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Gov. Susana Martinez has been hauled into court again, although this time it’s Martinez’s Taxation and Revenue Secretary Demesia Padilla who is targeted in a case filed in Santa Fe state district court.
The suit cites Padilla for implementing the governor’s directive to dispatch some 10,000 letters seeking proof of residency from New Mexico licensed drivers presumed to be illegal immigrants.
Such licenses may be legally obtained by foreign nationals in New Mexico under a state law passed in 2003.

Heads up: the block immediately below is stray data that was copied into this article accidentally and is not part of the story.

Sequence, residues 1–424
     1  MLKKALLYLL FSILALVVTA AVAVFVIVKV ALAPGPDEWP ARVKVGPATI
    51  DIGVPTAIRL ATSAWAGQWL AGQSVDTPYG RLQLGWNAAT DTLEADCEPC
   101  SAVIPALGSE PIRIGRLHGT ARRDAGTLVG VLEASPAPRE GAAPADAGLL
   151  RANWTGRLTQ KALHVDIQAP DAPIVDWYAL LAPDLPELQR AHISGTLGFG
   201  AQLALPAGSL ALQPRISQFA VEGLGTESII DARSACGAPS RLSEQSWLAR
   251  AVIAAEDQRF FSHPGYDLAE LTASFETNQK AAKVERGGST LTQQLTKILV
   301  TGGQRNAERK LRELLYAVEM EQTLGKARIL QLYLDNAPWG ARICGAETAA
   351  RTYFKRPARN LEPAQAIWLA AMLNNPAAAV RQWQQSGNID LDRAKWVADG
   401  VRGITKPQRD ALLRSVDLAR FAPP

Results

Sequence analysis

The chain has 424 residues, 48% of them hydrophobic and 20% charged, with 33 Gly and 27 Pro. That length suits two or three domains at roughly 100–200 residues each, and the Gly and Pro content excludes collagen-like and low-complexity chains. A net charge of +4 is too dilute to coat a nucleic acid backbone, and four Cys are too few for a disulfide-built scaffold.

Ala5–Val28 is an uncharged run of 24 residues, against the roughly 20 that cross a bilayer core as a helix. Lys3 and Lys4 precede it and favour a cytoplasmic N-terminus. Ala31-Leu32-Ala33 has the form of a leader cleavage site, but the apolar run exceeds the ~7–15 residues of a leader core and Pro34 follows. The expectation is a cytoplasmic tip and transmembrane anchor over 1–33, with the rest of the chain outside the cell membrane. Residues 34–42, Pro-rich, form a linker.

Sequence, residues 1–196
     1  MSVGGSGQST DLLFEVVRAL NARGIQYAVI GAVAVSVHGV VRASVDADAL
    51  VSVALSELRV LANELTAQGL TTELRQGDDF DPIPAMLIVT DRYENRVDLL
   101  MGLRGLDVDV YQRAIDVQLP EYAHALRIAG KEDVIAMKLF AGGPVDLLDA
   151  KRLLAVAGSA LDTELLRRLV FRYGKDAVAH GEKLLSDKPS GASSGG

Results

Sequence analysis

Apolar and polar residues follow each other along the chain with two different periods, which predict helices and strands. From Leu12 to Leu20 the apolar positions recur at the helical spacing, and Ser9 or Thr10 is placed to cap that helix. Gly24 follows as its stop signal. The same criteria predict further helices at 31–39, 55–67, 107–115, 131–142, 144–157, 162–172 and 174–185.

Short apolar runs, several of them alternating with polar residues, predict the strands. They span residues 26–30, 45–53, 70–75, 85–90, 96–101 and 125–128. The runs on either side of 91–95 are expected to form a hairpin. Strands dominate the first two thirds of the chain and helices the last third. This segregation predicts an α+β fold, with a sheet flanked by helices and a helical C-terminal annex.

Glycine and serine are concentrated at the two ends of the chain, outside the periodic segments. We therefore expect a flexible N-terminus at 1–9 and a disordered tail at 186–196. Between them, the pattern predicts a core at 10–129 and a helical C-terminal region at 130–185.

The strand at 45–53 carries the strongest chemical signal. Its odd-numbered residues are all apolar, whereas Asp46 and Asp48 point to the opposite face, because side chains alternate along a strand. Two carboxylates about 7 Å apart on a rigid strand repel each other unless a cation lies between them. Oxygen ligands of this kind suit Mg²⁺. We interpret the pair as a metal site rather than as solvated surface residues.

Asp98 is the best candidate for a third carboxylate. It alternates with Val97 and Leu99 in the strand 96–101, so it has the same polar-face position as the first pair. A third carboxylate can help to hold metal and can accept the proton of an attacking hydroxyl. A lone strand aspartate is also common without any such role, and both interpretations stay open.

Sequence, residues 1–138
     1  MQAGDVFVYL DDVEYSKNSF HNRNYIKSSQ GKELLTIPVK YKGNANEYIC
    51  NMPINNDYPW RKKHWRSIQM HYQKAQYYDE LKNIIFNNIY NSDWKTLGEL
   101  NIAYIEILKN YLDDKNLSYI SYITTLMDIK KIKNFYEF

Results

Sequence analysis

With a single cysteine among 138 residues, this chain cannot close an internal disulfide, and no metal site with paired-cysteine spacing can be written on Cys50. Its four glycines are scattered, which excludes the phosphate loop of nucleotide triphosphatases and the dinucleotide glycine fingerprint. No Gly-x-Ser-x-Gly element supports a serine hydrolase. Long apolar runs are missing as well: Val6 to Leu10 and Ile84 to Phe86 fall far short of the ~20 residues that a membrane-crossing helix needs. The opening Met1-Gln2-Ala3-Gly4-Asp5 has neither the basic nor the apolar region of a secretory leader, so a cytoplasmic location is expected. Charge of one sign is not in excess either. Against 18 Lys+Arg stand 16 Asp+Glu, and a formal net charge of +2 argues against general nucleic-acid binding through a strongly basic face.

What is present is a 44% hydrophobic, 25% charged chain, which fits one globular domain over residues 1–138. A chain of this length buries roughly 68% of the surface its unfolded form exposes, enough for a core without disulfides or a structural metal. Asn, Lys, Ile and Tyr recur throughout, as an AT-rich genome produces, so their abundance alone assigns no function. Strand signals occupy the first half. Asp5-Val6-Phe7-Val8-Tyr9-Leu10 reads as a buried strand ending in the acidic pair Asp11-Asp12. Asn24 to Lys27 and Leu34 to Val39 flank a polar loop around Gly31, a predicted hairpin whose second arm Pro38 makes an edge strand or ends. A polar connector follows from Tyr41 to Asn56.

Martinez doesn’t like that law and promised to have it repealed during her campaign last year.
She failed in that effort at the 2011 Legislature, but is again seeking repeal at the special redistricting session underway at the Roundhouse.
Meanwhile, fearful lest illegals from other states slip into New Mexico and get themselves licensed, the governor has been trawling for the scofflaws by requiring recipients of Padilla’s letters to show up in Albuquerque or Las Cruces with proof of their residency in this enchanted land.
The suit was filed last week by a number of Democratic state lawmakers, along with perhaps the nation’s leading Latino civil rights group, the Mexican American Legal Defense and Education Fun (MALDEF).
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